There are so many bands out there that will try to tell you that they cannot be categorized. This is almost always false, so I was a little wary when I read a review of Balmorhea’s latest album, Stranger that called the band “genre-defying.” Yeah right, I thought, challenge accepted. As it turns out, these guys are actually very unique. Named after a tiny town in West Texas, Balmorhea is an ambitious project that has grown to be one of the most interesting bands making instrumental music right now. On a surface level, you might call it post-rock. The Austin-based group’s sound moves between subtle minimalism and grand orchestral composition, but often using instrumentation that you wouldn’t expect out of a post-rock band. For instance, the first track, “Days” from the new record features a steel drum. The band appropriately cites Max Richter, Arvo Pärt and John Cage as major influences. Balmorhea takes the stage at Gabe’s on Oct. 18.
If you live in Iowa City, you might not need me to tell you about Paleo. In the spring of 2006 the sometimes-Iowa City resident, David Strackany embarked on a year-long journey across America. He performed over 200 shows in that time under his moniker, Paleo. As if that wasn’t enough of an undertaking, he wrote and recorded 365 songs, one for every day he was on the road, and posted them to his website. It became referred to as “The Song Diary” project and generated all kinds of media buzz and effectively put Paleo on the map. Paleo will play at Gabe’s on Oct. 21. His voice is weathered and passionate and his relentless love of his art is apparent in his delivery. In a world where the “singer/songwriter with a guitar” has been beaten into the ground, Paleo is one of the few who can still really pull it off.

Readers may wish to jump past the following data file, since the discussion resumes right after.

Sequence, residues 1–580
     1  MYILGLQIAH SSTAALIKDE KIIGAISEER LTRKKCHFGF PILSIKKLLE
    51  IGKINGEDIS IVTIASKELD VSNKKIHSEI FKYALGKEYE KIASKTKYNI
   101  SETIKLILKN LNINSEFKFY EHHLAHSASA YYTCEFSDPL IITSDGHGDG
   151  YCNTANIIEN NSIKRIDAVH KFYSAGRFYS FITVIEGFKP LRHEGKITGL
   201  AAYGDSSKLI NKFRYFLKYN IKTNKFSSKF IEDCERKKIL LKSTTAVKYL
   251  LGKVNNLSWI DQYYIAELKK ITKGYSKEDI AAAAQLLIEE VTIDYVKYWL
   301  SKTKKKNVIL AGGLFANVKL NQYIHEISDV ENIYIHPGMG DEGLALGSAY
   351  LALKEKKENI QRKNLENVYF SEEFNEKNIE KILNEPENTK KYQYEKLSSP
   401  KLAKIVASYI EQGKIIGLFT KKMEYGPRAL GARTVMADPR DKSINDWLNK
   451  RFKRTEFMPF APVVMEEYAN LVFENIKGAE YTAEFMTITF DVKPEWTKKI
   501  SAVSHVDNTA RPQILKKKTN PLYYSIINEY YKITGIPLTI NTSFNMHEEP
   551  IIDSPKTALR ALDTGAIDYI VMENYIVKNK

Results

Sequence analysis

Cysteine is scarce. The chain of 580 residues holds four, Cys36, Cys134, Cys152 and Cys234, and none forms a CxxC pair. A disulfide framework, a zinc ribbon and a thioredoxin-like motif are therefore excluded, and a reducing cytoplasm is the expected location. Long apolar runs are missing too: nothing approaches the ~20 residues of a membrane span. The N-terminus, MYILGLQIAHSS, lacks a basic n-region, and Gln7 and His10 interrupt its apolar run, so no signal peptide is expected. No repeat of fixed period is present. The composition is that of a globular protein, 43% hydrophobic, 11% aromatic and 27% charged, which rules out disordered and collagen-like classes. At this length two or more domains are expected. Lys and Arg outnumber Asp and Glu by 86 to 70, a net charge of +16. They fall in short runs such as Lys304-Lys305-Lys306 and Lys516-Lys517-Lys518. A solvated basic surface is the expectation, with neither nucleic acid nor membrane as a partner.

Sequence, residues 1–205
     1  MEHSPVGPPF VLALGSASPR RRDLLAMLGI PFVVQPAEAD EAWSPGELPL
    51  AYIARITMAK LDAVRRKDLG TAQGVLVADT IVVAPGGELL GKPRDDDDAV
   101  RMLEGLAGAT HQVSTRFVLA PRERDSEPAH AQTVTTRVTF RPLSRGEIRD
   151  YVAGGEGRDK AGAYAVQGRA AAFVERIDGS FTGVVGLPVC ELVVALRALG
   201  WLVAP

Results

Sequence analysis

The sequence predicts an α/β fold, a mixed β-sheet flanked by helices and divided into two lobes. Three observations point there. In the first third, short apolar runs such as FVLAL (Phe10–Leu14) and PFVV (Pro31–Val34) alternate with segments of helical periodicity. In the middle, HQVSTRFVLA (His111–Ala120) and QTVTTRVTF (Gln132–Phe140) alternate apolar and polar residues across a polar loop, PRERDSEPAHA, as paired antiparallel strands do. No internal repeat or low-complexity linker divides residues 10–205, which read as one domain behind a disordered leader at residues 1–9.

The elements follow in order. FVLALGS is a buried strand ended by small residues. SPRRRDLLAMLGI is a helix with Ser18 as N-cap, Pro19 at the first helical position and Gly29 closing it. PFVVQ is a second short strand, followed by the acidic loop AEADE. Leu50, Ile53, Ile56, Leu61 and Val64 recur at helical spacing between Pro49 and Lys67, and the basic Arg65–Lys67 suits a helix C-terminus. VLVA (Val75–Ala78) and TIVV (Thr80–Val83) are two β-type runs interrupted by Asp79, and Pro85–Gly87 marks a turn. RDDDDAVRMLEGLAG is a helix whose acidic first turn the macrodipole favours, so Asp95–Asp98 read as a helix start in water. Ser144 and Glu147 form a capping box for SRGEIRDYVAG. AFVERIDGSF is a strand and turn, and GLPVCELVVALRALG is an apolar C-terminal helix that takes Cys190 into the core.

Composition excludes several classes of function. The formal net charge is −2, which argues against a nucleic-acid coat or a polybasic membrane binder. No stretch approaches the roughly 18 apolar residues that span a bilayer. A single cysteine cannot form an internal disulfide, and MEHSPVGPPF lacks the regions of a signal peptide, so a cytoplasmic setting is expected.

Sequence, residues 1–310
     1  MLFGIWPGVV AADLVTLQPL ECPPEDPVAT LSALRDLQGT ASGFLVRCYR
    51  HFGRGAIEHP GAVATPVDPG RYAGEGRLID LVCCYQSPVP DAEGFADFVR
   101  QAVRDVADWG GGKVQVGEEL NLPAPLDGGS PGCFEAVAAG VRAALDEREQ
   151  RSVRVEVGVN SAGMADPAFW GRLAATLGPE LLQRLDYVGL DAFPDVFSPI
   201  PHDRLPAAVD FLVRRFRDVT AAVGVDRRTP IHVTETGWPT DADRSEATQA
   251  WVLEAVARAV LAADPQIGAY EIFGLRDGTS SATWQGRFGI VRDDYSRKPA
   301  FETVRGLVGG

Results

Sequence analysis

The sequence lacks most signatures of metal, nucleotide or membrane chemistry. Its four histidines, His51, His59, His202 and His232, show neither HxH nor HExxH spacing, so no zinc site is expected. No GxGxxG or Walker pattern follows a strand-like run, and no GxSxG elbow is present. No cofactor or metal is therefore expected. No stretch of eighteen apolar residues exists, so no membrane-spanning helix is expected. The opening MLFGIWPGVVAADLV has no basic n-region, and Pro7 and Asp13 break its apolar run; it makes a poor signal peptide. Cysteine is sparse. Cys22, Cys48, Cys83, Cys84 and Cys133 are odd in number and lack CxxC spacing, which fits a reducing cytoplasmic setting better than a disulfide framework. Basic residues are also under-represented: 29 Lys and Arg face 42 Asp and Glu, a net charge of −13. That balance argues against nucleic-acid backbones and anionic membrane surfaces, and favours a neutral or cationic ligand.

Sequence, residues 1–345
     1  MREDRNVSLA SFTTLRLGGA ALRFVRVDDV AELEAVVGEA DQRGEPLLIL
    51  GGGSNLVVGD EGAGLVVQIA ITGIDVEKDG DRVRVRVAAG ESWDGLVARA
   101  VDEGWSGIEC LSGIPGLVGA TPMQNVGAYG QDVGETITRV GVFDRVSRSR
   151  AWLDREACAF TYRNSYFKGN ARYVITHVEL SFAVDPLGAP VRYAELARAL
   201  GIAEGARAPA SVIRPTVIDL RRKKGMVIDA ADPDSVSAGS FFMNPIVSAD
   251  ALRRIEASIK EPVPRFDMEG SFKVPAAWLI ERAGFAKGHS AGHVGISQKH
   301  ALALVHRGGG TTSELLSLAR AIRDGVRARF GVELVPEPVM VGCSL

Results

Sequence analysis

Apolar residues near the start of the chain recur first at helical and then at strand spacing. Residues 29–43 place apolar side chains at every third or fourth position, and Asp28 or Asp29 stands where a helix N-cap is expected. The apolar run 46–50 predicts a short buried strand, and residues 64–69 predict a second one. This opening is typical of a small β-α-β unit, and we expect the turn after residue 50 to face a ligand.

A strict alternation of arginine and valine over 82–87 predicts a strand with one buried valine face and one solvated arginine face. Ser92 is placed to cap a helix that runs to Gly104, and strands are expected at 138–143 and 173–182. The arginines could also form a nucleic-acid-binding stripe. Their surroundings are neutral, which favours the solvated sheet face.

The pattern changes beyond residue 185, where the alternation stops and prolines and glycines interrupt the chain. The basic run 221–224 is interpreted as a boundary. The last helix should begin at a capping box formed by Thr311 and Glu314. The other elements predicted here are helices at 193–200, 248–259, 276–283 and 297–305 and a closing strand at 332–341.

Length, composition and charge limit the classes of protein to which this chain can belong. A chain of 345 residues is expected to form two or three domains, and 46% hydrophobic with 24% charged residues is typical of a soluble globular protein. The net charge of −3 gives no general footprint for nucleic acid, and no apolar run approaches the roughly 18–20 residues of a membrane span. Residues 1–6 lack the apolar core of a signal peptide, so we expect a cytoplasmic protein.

Another name that immediately comes to mind when thinking about exceptional singer/songwriters is the Mountain Goats, and it just so happens that they’re stopping in Iowa City this month too, at the Blue Moose on Oct. 26. Front man John Darnielle is the creative force behind the band, and has released consistently exceptional records for over a decade. His lyrics/knack for storytelling have almost always been the backbone of the project. The songs often tell tales about love, life and religion, and Darnielle delivers with an honest urgency. There is a spell that is cast over anyone attending a Mountain Goats show. The passion and electricity of the live performance is so darn captivating and it’s hard to look away.